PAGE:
All my lovers haunt me, especially my father’s. They loom in the scents of strangers walking by: a passing male with strong body odor, another who uses the same cologne. Even the moist smell that warns rain brings me back to first kisses and the flail of my naive heart.
Their images burn behind my retinas as certain songs- our songs-play on the radio. Teen-aged boys in Summer; careless youth, soft skinned faces and bright eyes looking out for the prettiest girl tanning. The Winter evenings turning early morning in bars, alcohol lacing an ugly scene. The worst though, the place they came without disguise was through my dreams. In there they prodded, pleaded and flirted, hounding me, all the while I knew better, yet nothing had changed. They remained fancy thorns, puckering towards my innocence. I still had no control.
I’m older now. I’ve been seasoned within the subject of boys and men. I no longer flirt to float nor return a gaze to later falter.
Like most women, I have my line of firsts, the ones who set the bar, and the others who I wished I’d never let go, and the ones who stained me, changed me, made me question myself.
There was Thom one night in my college dorm alone: “Don’t make me rape you,” he whispered as seductively as if he’d just revealed his love to me. I didn’t let him rape me. Instead I turned it into my own idea and learned to play the seductress. I hate myself for this.
The boy with one eye. Vaughn. He who pushed me into a bathroom stall as the music in the bar blared so loud, I knew no one would hear me anyway. He wanted to keep flirting after that, but I was too far gone, hiding within a crowd who believed I was something I was not.
My first love turned crazy, landing himself in a mental institution. He didn’t know how safe he was as I tried to make my way down streets in a small town that whispered condemnatory phrases in my direction. “Witch,” or was it bitch?
To be cheated, lied to or treated wrongly should have only happened once. Too many of these beguiling lovers embedded themselves quite close to my heart. They lay grinning under this category. I blame my father for this.
Before I’d grown breasts, noticed the opposite sex or even felt the tug of attraction, he came knocking on my bedroom door. My mother did dishes. Folded laundry. She went out with her girlfriends for appetizers and bubbly drinks that glazed her pretty eyes and made her laugh in a way that was faraway. In the meantime, her husband taught me how to roll over and numb myself dead. His lessons became my blueprint for how I’d feel for someone, especially a man.
This morning I spoke to a girl almost two decades younger than I. She hadn’t birthed, survived nor racked up her experiences just yet to a ripe time of contemplation. She had years to go before she would come to understand tight smiles, resting frowns or the consequences of decisions, seemingly meaningless in their moment. She said to me, “I write down all these things so that I don’t screw something up. My boyfriend thinks it’s weird.”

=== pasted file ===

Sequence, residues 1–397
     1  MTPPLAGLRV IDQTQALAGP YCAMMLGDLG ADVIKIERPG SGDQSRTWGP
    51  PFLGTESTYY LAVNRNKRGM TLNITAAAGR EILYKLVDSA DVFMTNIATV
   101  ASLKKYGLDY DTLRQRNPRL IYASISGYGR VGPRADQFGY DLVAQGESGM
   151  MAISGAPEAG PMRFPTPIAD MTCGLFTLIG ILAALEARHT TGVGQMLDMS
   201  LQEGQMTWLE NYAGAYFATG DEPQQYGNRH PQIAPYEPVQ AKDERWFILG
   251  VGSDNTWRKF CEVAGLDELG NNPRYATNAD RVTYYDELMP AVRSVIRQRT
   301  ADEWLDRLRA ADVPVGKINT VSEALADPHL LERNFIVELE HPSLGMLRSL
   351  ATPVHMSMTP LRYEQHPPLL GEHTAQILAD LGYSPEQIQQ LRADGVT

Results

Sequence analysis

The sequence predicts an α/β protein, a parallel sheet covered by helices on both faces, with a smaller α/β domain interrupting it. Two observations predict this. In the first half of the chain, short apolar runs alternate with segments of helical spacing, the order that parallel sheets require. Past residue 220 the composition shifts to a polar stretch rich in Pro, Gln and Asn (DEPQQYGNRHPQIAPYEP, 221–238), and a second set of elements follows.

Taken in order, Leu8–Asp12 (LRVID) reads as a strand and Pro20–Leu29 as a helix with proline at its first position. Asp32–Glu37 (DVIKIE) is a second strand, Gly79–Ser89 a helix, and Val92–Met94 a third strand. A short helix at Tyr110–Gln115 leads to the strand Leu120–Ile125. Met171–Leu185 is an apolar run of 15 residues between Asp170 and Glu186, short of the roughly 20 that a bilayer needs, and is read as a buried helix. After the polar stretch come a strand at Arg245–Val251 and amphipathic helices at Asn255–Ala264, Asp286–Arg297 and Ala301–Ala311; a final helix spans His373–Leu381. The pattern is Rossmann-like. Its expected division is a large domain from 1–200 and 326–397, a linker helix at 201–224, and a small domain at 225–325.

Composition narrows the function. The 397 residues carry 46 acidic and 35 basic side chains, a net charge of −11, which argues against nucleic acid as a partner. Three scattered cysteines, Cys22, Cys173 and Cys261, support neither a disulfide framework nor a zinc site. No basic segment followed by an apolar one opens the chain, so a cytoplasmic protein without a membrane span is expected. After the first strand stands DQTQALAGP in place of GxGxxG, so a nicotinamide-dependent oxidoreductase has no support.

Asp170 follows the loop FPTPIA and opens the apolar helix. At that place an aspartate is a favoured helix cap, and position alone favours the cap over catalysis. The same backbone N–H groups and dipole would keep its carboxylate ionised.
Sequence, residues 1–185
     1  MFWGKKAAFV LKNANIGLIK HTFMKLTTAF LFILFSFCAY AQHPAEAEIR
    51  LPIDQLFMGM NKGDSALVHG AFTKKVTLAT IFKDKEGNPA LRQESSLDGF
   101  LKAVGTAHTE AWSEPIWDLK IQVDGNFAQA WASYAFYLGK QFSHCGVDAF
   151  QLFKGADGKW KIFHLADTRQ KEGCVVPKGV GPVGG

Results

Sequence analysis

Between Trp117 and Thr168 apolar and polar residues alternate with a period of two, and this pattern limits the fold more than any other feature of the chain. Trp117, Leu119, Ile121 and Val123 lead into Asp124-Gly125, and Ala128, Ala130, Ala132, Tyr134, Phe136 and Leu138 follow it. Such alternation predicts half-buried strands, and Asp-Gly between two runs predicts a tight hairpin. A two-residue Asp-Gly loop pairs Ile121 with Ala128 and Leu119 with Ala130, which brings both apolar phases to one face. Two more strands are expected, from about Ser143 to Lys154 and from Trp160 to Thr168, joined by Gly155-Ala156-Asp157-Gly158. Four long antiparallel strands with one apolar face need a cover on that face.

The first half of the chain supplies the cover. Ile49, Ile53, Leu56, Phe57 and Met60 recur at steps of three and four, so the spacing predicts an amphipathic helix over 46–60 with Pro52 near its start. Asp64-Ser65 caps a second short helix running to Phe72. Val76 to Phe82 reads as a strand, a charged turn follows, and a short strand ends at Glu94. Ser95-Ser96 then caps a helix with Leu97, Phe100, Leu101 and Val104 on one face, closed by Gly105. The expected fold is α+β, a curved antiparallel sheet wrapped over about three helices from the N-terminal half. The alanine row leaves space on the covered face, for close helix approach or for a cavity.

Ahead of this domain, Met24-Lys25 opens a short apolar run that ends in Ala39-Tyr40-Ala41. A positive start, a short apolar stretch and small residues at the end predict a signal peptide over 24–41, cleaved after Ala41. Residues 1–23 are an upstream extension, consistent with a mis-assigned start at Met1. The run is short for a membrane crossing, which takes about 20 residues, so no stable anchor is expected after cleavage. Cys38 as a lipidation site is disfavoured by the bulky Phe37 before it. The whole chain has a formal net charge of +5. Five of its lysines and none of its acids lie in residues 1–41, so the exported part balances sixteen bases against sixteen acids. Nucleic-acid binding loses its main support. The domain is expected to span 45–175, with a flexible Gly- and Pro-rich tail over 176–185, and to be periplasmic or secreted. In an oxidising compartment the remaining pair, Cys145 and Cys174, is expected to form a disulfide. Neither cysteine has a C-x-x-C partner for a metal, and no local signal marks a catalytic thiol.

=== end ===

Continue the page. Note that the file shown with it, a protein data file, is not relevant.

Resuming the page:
I remembered doing much the same, yet it hadn’t prepared me for shit.
She had chosen me for whatever reason and I tried my best to pick my words to precisely convey a truth I had learned. A truth I struggled within. First I smiled, hoping it came off as kind. Then I looked out into the distance of my past.
“You gotta feel good about you and follow what your heart feels it wants to find home in. Then it’s near impossible to screw up.”
She started to cry. I asked her why. She only shook her head, leaving the space between us, one woman and one girl; a convoluted mix of knowing and naivety up for debate. I spoke again, maybe a poor decision, yet how can there be a filter when tears have already surfaced? “Every decision I’ve made has stemmed into what I feel.” I looked down to her boots, studying their small silver clasps, and at the same time not really seeing them at all. “If I could go back, I would have done everything I wanted to: education, lovers, friends, my relationship with myself. No one can tell you what’s right for you. They don’t know or feel what your experience is from your perspective.”
We parted some time after. I saw her twice more. She said she’d been writing about me and wanted to know how I spell my name. I drove away each time, wondering how I could hold so much wisdom for another, yet none for myself. My sweet husband was home and I failed to see what he saw of me. All my lovers crowded my sight and I found myself fearing a man my heart loved. After so many situations, adorning roles to make the scene less depleting, I no longer trusted who I was.
I wish to rest my lovers, slay my father’s being. Sometimes more than I want to live contently.
The girl, two decades years younger, ceased to exist. My words to her were just words to myself. Similar to looking back through old photographs, being able to recognize the beautiful elements of that time to realize they were over. I sit up. My hands stop shaking and begin to grasp a tangible reality. I close the ghosts of my past, tired versions of myself as well, the bodies I folded myself into, between covers of an old story I’m finished reading.
S. WINTERS, pulled by the motion still symbols evoke, can usually be found among the old growth giants of Vancouver Island working on her novel. Her work can be found in The Portal, Vancouver Island University’s literary magazine.